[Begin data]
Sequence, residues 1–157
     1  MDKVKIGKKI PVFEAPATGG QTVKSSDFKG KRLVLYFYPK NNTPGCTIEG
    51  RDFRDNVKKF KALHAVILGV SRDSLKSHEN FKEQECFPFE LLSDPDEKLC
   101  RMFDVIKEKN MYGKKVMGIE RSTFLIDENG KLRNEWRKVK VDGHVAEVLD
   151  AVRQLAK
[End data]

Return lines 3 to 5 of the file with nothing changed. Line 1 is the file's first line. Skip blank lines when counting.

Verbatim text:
    51  RDFRDNVKKF KALHAVILGV SRDSLKSHEN FKEQECFPFE LLSDPDEKLC
   101  RMFDVIKEKN MYGKKVMGIE RSTFLIDENG KLRNEWRKVK VDGHVAEVLD
   151  AVRQLAK